The key to the filling is to remove as much water from the spinach as you can so it doesn’t make the pastry base soggy. We do not cook the spinach – the filling flavour is better made with raw rather than cooked spinach. A little tip I picked up from one of the best Greek restaurants in Sydney, Alpha Restaurant!
- Sweat spinach with salt to remove water – Sprinkle chopped spinach with a little salt, then leave for 10 minutes. The salt will draw moisture out of the spinach which makes it easier to squeeze out the water;
- Wring out water – Put a handful of spinach on a clean tea towel. Bundle it up and twist firmly to squeeze out the water. It’s easiest to work with a handful at a time so you can do this step properly. I usually do it in 3 batches;
- Filling – Place spinach with the remaining filling ingredients in a large bowl; and
- Mix well – Mix filling well until it’s combined. It should be moist and juicy, but you should not see any water leaching out of the spinach into the base of the bowl.
PART 2: ASSEMBLING
You sometimes see Spanakopita baked in a pie dish. I prefer it freeform, baked on a tray, because the filo pastry is crispier – the base and sides.
As noted above, I recommend using refrigerated rather than frozen filo pastry because it’s easier to work with. It’s more pliable, and there’s no need to plan ahead and thaw overnight.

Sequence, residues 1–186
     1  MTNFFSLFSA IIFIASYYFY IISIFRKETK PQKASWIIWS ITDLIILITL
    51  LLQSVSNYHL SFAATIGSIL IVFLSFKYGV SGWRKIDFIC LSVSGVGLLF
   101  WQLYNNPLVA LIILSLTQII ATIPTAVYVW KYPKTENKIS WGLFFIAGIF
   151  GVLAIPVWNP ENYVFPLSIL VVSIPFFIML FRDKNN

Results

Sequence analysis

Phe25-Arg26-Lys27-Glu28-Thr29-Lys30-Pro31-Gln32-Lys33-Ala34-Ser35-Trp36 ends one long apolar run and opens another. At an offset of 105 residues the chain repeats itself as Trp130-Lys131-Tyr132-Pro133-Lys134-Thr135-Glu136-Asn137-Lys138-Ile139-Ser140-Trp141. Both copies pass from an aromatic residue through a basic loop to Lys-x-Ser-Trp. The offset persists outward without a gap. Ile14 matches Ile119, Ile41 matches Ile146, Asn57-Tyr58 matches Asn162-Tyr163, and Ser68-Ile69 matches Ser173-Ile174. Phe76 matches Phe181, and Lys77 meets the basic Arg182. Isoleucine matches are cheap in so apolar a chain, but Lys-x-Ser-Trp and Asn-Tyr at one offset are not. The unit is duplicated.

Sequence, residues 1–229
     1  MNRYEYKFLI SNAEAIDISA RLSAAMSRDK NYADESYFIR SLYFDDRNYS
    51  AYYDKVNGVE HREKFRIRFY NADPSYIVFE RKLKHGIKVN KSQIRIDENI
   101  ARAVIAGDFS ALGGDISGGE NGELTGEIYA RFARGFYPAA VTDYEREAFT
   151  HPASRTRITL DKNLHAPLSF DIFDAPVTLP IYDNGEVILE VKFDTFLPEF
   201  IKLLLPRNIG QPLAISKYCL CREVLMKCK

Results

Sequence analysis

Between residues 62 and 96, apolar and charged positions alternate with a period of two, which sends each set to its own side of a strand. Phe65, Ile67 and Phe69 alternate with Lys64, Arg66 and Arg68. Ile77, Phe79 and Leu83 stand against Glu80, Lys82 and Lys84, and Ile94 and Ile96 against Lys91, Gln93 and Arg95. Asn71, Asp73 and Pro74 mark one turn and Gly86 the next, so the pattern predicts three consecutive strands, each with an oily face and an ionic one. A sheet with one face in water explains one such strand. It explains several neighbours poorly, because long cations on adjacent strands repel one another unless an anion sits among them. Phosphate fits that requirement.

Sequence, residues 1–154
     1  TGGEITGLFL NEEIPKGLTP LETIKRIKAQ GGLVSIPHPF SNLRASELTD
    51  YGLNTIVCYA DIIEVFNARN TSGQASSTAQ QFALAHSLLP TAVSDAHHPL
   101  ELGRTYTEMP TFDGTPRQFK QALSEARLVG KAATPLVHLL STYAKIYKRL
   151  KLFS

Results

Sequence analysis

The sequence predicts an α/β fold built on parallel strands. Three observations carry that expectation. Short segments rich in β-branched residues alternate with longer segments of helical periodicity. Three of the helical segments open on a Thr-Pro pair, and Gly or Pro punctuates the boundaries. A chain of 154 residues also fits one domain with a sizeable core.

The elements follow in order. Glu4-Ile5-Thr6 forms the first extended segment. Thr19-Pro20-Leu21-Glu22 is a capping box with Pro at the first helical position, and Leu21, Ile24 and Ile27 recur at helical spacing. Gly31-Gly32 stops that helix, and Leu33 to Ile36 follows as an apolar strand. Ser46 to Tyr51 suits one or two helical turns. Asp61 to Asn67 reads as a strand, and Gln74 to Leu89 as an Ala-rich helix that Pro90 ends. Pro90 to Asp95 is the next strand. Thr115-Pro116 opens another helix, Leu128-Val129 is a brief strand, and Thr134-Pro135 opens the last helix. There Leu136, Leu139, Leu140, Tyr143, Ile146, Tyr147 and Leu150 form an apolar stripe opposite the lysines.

- Trim filo pastry – Take the filo pastry out of the fridge 30 minutes prior to bring it to room temperature. This makes it more pliable and less prone to breaking. Then cut 16 sheets to size: 32 x 25cm / 13 x 10″ (rectangle shapes, pictured) or 26cm / 10.5″ squares. This makes a Spanakopita pie which is 3.5 – 4cm / 1.4 – 1.6″ thick which I think is the perfect thickness for a good filling to pastry ratio. Any thicker, and there’s too much filling. Any thinner, and there’s too much pastry!
- The pie base: 8 filo sheets, buttered – Lay a sheet of filo pastry on a baking paper-lined tray, then brush with melted butter. The butter not only adds flavour, it also causes each base layer to separate so you get the signature flakiness;
- Repeat – After brushing with butter, top with another sheet of filo pastry and continue repeating until you have used 8 sheets in total;
- Filling – Spread the filling in the middle of the pastry base, leaving a 2.5cm/1″ border. Make the surface as level as possible, pressing down lightly to compact the filling;
- Brush with butter – Brush the borders of the pastry with butter;